27 Oct 2020

The Art of Music

Cooking with all its different modalities is my website’s main focus. However my interest encompasses more than cooking. Some of my activities I enjoy beside cooking, include art, outdoor activities, music and exercise. At this time I will examine music and give you my interpretation of it.

Our bodies are sacred temples. We must pay attention to every aspect of our temple from the foundation to the very top of the temple. In other words, we need a holistic approach to our bodies to obtain and maintain optimum health. We all know the body is composed of many different systems. We have the cardiovascular, lymphatic, respiratory and reproductive systems, to name a few. However the body is unique, complicated and complex system where all systems are harmoniously, synchronistically, intertwine, what effects one system effects them all.

A holistic approach encompasses the whole being, all the systems, mentally, physically, spiritually and emotionally. This is the reason why I have blended music into my life as a major component.

If you want to keep your brain engaged throughout the aging process, listening to or playing music is a great tool. It provides a total brain workout. Studies have shown that music produces several positive effects on our body and brain. Music activates both the left and right brain at the same time, and the activation of both hemispheres can maximize learning and improve memory. Research has also shown that listening to music can reduce anxiety, blood pressure, and pain as well as improve sleep quality, mood, and mental alertness.

Therapeutically music has played a big role throughout the years, Evidences was presented as a result of a experiment conducted in 1914 with patients undergoing surgery. The Journal of the American Medical Association reported that phonograph in operating room was a means of calming and distracting patients from the horror of the situation as they lie awake during surgery. Today, we have anesthesia, music is used to calm nerves before surgery. Valium type drugs are used as sedatives but they can have a variety of negative side effects including sometimes making people even more agitated. A study was performed to see if relaxing music had a greater anxiety reducing effect than a standard dose of drugs. The results revealed that playing soft jazz worked significantly better than the drugs. The music produced lower anxiety scores, lower heart rate, and lower blood pressure and the difference in the side effects of relaxing music compared to the drug is obvious. There were none, soft jazz causes no post-operative hangover.

The results of listening to music can sometimes be mystifying. Music has been found to stimulate parts of the brain. Studies have demonstrated that music enhances the memory of Alzheimer’s and dementia patients, including a study conducted at UC Irvine, which showed that scores on memory tests of Alzheimer’s patients improved when they listened to classical music. Other studies have found that classical music enhances memory retrieval, including Alzheimer’s and dementia patients. The thought is that classical music helps fire off synapses, creating or re-energizing brain pathways previously left dormant.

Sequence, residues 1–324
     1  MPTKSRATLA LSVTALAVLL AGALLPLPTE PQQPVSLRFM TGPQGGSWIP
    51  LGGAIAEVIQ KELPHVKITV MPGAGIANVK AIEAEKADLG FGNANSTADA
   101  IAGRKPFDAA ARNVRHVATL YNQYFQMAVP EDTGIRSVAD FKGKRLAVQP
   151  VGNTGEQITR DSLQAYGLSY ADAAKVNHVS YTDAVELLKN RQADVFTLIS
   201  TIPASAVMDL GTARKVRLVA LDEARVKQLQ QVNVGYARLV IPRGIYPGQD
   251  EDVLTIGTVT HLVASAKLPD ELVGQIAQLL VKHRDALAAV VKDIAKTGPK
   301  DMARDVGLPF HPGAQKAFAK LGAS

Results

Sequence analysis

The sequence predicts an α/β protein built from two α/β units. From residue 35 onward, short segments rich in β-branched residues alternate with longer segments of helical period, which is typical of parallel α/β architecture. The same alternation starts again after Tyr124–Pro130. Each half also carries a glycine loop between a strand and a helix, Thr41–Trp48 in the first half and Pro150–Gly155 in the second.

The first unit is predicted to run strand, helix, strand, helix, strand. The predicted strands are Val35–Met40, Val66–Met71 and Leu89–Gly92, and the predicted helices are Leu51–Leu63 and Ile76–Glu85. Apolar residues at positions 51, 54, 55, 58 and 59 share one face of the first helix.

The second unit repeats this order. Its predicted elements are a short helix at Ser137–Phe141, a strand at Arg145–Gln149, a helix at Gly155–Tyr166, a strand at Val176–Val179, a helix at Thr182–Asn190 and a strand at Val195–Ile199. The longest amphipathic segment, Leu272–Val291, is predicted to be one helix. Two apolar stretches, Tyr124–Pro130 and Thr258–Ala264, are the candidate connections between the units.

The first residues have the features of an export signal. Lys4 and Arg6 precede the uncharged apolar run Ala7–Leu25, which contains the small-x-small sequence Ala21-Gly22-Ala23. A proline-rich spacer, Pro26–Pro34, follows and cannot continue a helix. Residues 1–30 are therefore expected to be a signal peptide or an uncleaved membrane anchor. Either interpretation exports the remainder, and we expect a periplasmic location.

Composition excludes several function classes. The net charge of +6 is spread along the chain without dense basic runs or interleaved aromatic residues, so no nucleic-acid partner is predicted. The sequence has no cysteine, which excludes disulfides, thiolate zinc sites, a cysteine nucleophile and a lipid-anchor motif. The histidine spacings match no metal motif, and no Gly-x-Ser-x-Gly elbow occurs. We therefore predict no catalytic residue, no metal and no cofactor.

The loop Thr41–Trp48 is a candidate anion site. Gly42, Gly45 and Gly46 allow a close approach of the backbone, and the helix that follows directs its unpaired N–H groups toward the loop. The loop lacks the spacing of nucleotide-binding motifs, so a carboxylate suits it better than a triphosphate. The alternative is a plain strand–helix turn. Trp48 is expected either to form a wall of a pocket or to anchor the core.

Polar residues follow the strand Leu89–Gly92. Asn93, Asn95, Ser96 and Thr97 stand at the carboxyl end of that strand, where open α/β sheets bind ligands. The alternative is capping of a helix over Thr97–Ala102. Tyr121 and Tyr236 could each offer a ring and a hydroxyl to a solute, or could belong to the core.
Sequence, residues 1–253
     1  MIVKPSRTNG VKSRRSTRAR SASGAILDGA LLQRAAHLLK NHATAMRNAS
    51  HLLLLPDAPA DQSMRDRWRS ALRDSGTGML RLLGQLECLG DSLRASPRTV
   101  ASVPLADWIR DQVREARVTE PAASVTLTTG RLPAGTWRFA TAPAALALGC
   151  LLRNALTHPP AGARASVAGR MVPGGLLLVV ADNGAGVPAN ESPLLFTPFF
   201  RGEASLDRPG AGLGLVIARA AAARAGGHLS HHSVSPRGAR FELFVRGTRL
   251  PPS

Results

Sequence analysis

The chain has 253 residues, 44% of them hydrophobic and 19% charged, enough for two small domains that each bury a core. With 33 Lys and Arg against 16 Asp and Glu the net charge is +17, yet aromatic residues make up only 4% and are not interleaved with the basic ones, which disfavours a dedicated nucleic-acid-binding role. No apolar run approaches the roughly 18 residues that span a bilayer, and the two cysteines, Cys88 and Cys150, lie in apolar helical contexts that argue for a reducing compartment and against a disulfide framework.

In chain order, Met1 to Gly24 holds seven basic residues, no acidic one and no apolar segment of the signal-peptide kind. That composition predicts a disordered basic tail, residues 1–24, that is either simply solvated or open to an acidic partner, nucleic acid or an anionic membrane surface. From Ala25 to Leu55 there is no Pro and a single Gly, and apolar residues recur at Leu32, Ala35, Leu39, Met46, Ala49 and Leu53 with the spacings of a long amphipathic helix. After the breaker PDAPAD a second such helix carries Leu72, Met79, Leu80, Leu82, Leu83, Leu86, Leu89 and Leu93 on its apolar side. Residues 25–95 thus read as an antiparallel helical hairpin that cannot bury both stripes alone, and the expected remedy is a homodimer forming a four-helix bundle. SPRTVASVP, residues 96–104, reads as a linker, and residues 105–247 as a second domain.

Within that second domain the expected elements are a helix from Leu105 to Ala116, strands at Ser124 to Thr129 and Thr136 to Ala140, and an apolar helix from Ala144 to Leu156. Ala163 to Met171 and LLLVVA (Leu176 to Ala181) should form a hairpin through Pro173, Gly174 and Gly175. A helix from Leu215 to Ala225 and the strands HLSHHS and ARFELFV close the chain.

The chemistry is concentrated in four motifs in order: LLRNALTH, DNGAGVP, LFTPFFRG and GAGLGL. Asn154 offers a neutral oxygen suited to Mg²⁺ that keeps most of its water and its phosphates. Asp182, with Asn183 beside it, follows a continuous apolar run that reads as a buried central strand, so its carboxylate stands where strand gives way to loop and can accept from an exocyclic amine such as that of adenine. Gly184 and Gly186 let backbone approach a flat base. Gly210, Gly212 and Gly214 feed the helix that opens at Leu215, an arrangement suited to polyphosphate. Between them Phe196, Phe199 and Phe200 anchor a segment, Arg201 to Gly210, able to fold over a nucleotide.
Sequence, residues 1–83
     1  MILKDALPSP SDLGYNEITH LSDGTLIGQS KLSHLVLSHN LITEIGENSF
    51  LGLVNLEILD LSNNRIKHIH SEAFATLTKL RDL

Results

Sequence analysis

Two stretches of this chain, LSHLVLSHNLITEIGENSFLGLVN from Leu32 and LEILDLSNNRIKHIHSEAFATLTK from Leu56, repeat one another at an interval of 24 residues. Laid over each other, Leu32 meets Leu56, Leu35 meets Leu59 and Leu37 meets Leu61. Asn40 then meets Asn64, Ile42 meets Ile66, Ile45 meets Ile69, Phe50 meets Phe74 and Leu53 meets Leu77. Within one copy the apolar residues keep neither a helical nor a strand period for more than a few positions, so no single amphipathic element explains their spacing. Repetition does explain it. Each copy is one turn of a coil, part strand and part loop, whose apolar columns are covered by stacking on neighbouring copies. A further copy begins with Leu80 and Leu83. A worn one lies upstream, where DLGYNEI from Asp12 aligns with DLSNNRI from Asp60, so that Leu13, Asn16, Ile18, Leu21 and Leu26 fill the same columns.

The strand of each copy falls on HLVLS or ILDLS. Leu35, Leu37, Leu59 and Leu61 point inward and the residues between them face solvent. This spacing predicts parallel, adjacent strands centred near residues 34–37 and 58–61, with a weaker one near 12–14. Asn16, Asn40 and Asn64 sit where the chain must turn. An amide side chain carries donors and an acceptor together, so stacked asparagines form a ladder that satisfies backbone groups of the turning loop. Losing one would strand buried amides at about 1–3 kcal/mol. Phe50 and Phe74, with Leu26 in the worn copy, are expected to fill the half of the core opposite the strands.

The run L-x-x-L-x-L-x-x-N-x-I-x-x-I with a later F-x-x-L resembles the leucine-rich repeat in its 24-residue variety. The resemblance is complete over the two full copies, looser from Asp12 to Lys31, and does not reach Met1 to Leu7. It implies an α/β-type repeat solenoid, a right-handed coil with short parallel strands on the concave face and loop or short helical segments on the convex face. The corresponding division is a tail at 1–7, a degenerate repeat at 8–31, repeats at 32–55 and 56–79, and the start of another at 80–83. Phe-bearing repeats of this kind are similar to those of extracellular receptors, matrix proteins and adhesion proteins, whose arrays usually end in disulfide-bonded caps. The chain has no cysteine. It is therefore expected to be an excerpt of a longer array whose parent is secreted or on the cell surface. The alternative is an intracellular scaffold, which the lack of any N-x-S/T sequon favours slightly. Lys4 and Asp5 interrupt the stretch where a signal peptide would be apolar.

Music is present in every part of our lives. Our spiritual rituals are framed with songs, children learn the alphabet through song and the malls and cafes we frequent are rarely silent. Did you also know that early childhood is critical time to support children’s desire to sing, move and play with sound. Research shows that music and music experiences support the formation of important brain connections that are being established over the first three years of life.

Music triggers the hormones oxytocin and serotonin, responsible for bonding, trust and intimacy. Music brings people together, allowing us to experience the same emotions such as, happiness after watching a funny movie, sorrow and sadness while attending a funeral or fear during a earthquake. People everywhere are the same in heart and spirit.

In conclusion, music is one of the greatest creation of mankind. Creativity in the pure and undiluted form is the true definition of music. Music is an important part of our life as it is a way of expressing our feeling as well as emotions. Some people consider music as a way to escape from the pain of life. Music washes away from the soul the dust of everyday life. It gives you relief and allows you to reduce stress. Music is a powerful therapy that will make you calm down and in the moment of joy, it will make you cheerful. Furthermore, it develops the mind and boosts your self confidence. Music plays a more important role in our life than just being a source of entertainment.

As stated earlier, this is my interpretation of music. I sincerely hope after reading this you will look upon music with a similar interpretation an recognize it’s many treasures. Signing off for now.

12 Jul 2020

5 Famous Jazz Musicians You Need to Know